Man with face transplant meets sister of his donor

A man who had a face transplant three years ago has met the sister of his donor for the first time.

Rebekah Aversano's brother, Joshua, died in a car accident in 2012 and the family agreed to donate his face to Richard Lee Norris for what was the world's most extensive face transplant at the time.

The two recently met as part of a segment for 9News Australia's "60 Minutes" television show (which is not affiliated with CBS). The meeting was the first time Aversano saw her brother's face on Richard Lee Norris. In a video clip released by 9News, she asked to touch his face and said she felt like it was the one she'd grown up with.

For Norris, who suffered a shotgun wound that destroyed the lower half of his face and bone structure, the massive 36-hour plastic surgery brought an end to 15 years of multiple grafts and smaller surgeries, inability to eat or speak and a very reclusive life.

Gwen Aversano, Joshua's mother, who has also met Norris, said in an interview with Canada's CTV that the family agreed together to donate the 21-year-old's face. Their decision provided Norris with a healthy new face from scalp to neck, including teeth, tongue, nerves and soft tissue that mostly function like a normal face.

Doctors are cautious about the emotional toll of donor families meeting recipients, since families may feel strong reactions seeing the face of a deceased relative on another person.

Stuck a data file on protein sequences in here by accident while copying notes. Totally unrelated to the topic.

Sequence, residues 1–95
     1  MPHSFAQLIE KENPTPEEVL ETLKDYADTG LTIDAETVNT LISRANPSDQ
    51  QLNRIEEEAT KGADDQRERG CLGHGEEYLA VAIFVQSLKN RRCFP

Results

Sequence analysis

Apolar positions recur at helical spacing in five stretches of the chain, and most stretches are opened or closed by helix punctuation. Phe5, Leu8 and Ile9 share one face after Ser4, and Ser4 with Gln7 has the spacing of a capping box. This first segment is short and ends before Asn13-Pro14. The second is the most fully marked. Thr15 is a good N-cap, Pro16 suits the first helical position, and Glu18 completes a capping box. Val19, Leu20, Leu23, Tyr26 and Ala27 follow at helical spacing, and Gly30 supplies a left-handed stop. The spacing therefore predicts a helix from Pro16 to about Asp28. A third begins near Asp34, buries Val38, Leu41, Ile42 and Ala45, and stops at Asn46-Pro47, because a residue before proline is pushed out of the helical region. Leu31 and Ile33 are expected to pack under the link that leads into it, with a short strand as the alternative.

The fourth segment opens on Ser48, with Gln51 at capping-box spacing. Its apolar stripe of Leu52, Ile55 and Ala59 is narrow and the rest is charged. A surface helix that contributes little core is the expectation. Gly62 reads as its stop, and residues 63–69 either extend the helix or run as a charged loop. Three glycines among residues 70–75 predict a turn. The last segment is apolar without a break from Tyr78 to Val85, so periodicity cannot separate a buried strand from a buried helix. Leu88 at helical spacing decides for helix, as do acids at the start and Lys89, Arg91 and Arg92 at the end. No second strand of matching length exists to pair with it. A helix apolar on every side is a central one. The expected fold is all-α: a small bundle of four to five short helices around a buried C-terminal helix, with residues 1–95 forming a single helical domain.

Facial transplants carry many challenges for the recipients. They must remain on immune-suppressing drugs for their whole lives so their bodies don't reject the transplant, and they need extensive physical therapy to gain control of the facial muscles, to be able to speak and eat.

"Our goal for Richard from the beginning was to restore facial harmony and functional balance in the most aesthetic manner possible through the complex transplantation of the facial bones, nerves, muscles, tongue, teeth and the associated soft tissues," Dr. Eduardo D. Rodriguez after the surgery took place in 2012 at the University of Maryland Medical Center. Dr. Rodriguez is currently the chair of plastic surgery at NYU Langone Medical Center in New York City.

Most facial transplant candidates come to the operating table severely disfigured either from accidents or violent crimes. For them, the idea of a normally functioning face that will allow them to smell, taste, eat and talk -- not to mention the emotional benefit of walking through life without inviting stares -- far outweighs the risk.

Norris was the 23rd facial transplant recipient in the world since the first procedure was done in 2005. There have now been 27 total, and 23 have survived.